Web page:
August 26, 1905 – May 11, 1997
Ernie Fields was an African American trombonist, pianist, arranger and bandleader. After graduating from high school, he went to the Tuskegee Institute in Alabama. He credited Walter “Foots” Thomas, a young Muskogee man, with influencing him to become a professional musician. He soon formed a college band, playing gigs in Tuskegee and surrounding little Macon County towns. Later he recorded several hits: “T-Town Blues,” “Butch’s Blues,” “Lard Stomp” and others during the 30s and 40s. His Tulsa-based orchestra was formed in the mid-thirties and made its debut at New York's famed Apollo Theatre in 1939.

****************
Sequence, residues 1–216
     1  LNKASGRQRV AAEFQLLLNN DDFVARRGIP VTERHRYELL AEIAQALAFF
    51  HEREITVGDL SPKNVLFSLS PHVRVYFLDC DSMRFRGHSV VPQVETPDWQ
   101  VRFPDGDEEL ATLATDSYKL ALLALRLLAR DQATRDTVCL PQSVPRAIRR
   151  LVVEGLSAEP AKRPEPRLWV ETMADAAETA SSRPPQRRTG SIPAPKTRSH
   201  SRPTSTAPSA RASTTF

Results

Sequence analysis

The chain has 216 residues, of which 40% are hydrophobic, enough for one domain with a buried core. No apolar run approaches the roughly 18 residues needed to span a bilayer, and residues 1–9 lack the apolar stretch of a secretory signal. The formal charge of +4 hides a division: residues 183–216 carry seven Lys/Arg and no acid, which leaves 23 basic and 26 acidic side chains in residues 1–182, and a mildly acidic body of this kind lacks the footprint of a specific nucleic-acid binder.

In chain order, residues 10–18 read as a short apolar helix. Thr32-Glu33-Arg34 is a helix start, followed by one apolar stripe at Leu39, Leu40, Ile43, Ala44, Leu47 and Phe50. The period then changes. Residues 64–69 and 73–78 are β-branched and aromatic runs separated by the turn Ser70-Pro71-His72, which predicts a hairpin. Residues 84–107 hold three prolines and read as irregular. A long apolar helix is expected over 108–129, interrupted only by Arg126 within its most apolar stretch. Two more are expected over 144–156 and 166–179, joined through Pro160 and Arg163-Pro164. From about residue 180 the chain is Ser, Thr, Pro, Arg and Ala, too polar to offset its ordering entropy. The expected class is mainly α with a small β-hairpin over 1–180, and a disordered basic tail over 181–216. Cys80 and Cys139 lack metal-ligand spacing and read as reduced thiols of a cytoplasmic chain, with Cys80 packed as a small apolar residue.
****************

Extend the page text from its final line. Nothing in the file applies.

He first earned nationwide recognition as “The Gentleman of Swing,” and later as “Mr. In the Mood.” His band, “America’s Sweetest Swing Band,” was catapulted into national prominence when it placed high in Cash Box Magazine’s 1959 poll for Best Pop Orchestra in the U.S., following an appearance of the band on the Dick Clark Show. His R&B version of “In the Mood” topped the Billboard and Cashbox charts in 1959-60 and earned Fields a gold record.
Texas-born but Oklahoma-raised, Fields toured across the United States for over 30 years. In the book Big Band Blues, author Albert McCarthy notes Fields’ recordings “suggest that the band possessed the potential for a greater success than it ever achieved.” Jazz scholar Gunther Schuller said in his book The Swing Era, “In terms of medium-tempo relaxed swing and, in general a wonderful sense of rhythmic well being, the band was heard to match, let alone beat.”